During the past twelve months I have, despite being supposedly “semi-retired”, travelled on countless ferries and tourist vessels of all shapes, sizes and conditions in five countries. I have toured six major ferry-building shipyards and have met and talked with a similar number of leading passenger ship builders. All have been very positive about the state of their market with one important exception: they cannot recruit enough skilled workers. That labour shortage is really the only thing holding them back.
Over the same period a vast number of new passenger vessels, cruise ships, river-cruise vessels, tourist boats, dive boats, domestic and international ferries have been launched and are now, mostly successfully, operating.
Most are fitted with conventional diesel engines and propellers but a significant number have been provided with other propulsion systems. Waterjets and Z-drives are common and pure “plug-in” electric, hybrid, LNG and solar fuelled, even wind-powered, examples are no longer rarities.
Vessels have been built of steel, aluminium and FRP as well as of combinations of two or more materials. They are large and small and designed for riverine, littoral and oceanic operations.
Construction quality is generally very good and finishes are often impressive. Most are designed and equipped with the environment in mind. Passengers, the wider public and governments are demanding that environmental friendliness be front of mind in the building, equipping and operation of new vessels. The environment, generally, seems to be accorded a higher priority than safety.
Of course, safety is now pretty much built-in per the requirements of national governments and the IMO. The percentage of multi-hulled craft increases steadily reflecting that fact. Generally, vessels, large and small, are significantly better designed and built than their predecessors. Durable materials such as stainless steel and carbon fibre are in widespread use. Wood is practically non-existent and well-proven fire-proof materials are the norm.
Interiors are much more stylish, comfortable and easier and cheaper to maintain. Even exterior coatings are easier to apply and much more durable. Most vessels are specifically designed for particular routes. The days of tarting up ancient, foreign-sourced ships, even in poor countries, seem to be coming to an end.
Ever-growing tourism and competition from low-cost airlines ensure that standards of style, comfort, safety and reliability are continually rising. Passengers, again, even in poor countries, are quite correctly becoming ever more demanding as far as those standards are concerned.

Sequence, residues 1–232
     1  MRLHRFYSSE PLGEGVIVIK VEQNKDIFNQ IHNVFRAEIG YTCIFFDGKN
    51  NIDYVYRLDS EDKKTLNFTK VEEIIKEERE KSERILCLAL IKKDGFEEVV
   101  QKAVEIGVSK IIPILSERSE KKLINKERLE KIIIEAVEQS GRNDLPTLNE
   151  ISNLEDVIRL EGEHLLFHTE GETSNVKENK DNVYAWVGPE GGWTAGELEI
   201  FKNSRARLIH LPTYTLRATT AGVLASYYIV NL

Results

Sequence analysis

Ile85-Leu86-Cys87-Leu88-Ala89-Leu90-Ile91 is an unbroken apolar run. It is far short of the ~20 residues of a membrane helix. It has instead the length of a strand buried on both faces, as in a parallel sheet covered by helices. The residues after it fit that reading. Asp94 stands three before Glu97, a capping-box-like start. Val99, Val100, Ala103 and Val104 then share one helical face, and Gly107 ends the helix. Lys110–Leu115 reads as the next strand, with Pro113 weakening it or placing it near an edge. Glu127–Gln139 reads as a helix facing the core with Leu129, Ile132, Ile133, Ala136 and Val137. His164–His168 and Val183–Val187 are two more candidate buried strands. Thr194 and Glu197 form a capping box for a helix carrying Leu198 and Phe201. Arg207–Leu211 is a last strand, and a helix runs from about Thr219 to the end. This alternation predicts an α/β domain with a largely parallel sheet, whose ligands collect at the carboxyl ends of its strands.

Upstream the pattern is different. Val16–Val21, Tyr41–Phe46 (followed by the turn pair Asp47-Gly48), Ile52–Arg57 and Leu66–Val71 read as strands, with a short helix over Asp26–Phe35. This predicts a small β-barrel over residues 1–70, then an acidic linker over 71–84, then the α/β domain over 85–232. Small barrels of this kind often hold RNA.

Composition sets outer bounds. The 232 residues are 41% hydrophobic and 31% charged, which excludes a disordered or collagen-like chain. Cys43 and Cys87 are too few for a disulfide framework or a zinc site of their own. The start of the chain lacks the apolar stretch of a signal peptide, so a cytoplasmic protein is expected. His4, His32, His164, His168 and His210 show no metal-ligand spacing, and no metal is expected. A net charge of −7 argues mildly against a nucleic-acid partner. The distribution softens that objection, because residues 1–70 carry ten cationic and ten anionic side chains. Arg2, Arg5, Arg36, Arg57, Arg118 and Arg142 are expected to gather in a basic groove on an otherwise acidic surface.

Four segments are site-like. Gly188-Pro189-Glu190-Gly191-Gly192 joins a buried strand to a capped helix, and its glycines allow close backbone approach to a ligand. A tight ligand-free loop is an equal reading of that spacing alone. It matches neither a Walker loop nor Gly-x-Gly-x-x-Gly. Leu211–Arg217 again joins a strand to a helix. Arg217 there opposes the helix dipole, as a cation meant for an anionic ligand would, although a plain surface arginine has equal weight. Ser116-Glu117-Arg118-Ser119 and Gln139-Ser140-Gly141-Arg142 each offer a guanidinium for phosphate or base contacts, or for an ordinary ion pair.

Passenger vessels, like most ships and boats, are now specifically designed with fuel economy, low emissions and low wash in mind. The vessels and the terminals they operate from are designed for the fastest possible turn around times. Most owners now recognise that efficient turn around is a significant factor in the profitability equation. Loading and unloading of passengers and cargoes is both quick and simple.
Ro-Pax vessels, large and small, fast and slow, are invariably now designed and equipped to ensure rapid loading, stowage and effective, fast lashing of vehicles. After the disasters and scares of the last couple of decades, the vehicle decks of modern Ro-Pax ferries are designed for easy, thorough and quick cleaning so as to be kept immaculate and safe. Current fire prevention, detection and extinguishing systems are first rate.
The pure passenger sector, whether it be large, small, oceanic, coastal or riverine, is developing rapidly and becoming very competitive. The number of cruise ships working in the Caribbean, Mediterranean, South East Asia, Baltic or Pacific is enormous. The same applies to the major rivers of Europe, China and South-East Asia. The ships operating there have to be modern, efficient and luxurious to compete.
It seems we are about to see substantial growth in the commuter ferry market as road traffic in larger cities is choking them to a point of total inefficiency. If a river runs through a city or the city is located beside a substantial estuary or bay, the pleasures and economics of ferry travel are becoming more attractive than the convenience of cars.
Big harbour cities like Hong Kong, Sydney, Istanbul, New York, San Francisco, Vancouver, Venice, Stockholm, Rio and many others have always benefitted from attractive commuter ferry services but now they are being established in river cities. London, Brisbane and Bangkok, for example, have always had riverine ferry services but they are being rapidly developed and expanded and other cities are following them. Shanghai, Guangzhou, Ho Chi Minh, Hamburg, Paris, Cairo, even Hobart and Melbourne and many others have real potential in this respect.
Regular readers of Baird Maritime/Work Boat World will be well aware of many of these important developments. However, this, the first of a regular and frequent series of “Vessel Weeks” will give readers an excellent overview of the latest developments in the global passenger vessel market.